This book explores graded expressions of modality, a rich and underexplored source of insight into modal semantics. Studies on modal language to date have largely focussed on a small and non-representative subset of expressions, namely modal auxiliaries such as must, might, and ought. Here, Daniel Lassiter argues that we should expand the conversation to include gradable modals such as more likely than, quite possible, and
very good. He provides an introduction to qualitative and degree semantics for graded meaning, using the Representational Theory of Measurement to expose the complementarity between these apparently opposed perspectives on gradation. The volume explores and expands the typology of scales among English adjectives and uses the result to shed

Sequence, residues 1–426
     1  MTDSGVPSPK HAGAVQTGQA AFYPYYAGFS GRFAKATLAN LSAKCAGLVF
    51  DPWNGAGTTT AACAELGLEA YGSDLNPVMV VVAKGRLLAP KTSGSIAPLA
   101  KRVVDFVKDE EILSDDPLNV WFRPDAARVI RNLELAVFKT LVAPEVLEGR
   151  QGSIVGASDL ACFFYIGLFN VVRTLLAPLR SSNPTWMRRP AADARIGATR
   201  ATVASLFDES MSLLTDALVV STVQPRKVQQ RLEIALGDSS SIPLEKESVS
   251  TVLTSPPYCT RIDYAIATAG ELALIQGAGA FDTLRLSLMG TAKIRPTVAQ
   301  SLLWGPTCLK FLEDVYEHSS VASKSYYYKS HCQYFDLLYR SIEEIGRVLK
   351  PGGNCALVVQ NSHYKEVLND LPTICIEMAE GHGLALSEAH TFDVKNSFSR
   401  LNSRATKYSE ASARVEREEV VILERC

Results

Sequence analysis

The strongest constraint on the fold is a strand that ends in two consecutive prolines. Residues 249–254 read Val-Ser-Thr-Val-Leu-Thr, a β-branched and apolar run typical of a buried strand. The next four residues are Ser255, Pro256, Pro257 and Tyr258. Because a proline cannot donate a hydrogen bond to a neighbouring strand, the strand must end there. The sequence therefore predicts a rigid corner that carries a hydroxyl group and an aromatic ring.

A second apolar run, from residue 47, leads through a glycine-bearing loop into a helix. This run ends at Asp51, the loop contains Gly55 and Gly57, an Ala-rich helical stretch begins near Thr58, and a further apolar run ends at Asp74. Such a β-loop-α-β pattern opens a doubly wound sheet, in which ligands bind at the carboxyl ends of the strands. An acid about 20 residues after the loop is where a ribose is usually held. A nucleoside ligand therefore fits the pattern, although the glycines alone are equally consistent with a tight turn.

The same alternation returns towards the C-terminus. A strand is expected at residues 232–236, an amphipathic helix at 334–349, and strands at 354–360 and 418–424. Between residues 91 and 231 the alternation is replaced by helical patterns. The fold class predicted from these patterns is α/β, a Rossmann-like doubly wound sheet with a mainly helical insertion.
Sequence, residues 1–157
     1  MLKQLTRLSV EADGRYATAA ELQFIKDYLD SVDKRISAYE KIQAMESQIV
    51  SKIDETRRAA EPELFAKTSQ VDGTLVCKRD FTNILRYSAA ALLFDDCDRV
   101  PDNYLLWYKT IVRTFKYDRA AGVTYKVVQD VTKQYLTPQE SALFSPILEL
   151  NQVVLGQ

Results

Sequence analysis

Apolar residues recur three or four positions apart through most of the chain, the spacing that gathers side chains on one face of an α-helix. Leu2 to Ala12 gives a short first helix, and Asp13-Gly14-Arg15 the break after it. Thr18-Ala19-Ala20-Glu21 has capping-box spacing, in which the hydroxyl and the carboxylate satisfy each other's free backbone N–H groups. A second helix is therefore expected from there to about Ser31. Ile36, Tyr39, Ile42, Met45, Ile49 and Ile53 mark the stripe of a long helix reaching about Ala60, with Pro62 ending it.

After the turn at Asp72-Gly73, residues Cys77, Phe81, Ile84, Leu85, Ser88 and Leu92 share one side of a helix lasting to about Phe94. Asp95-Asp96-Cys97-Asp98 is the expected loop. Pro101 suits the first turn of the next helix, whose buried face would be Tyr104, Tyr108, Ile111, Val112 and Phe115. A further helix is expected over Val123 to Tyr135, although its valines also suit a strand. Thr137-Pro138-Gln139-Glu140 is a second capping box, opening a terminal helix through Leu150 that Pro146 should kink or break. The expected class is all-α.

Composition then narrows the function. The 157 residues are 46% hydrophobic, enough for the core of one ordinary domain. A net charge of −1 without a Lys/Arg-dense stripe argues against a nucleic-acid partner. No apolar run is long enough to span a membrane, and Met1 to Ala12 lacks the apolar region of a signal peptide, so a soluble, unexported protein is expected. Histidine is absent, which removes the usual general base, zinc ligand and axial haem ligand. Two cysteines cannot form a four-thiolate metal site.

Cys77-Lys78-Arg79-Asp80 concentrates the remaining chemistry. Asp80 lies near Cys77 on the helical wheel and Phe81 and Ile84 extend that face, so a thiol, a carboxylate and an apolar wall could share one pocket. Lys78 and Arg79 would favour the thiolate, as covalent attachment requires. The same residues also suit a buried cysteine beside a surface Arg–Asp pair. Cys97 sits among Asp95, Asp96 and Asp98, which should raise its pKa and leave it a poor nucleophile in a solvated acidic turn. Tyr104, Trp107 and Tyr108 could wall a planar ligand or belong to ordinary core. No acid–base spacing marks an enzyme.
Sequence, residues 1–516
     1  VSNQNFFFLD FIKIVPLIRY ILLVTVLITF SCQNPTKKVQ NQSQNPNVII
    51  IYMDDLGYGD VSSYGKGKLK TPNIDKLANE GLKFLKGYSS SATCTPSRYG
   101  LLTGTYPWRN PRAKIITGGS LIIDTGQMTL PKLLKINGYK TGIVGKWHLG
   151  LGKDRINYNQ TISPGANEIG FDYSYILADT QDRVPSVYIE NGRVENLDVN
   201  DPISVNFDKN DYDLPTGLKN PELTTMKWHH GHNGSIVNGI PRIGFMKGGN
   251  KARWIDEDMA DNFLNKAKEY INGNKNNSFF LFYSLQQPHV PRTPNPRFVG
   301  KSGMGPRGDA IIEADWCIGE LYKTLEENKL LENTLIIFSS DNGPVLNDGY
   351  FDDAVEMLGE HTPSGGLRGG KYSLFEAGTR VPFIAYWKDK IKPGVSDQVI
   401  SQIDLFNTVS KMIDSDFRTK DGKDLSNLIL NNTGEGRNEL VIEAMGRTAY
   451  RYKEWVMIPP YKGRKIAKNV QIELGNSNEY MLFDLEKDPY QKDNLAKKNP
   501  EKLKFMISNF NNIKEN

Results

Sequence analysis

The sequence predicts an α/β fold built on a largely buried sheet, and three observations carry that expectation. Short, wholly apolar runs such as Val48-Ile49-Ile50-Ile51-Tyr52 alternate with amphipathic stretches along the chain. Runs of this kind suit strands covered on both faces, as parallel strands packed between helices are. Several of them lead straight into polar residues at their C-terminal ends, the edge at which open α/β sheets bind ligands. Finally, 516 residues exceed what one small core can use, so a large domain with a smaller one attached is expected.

light on the meanings of a variety of epistemic and deontic modals. It also demonstrates that modality is deeply intertwined with probability and expected value, connecting modal semantics with the cognitive science of uncertainty and choice.
Daniel Lassiter is Assistant Professor in the Department of Linguistics at Stanford University. His research combines formal tools and experimental methods from linguistics, philosophy, and computational cognitive science to work towards a unified theory of language understanding as a cognitive phenomenon. His work has appeared in journals including Natural Language Semantics, Journal of Semantics, and Cognition.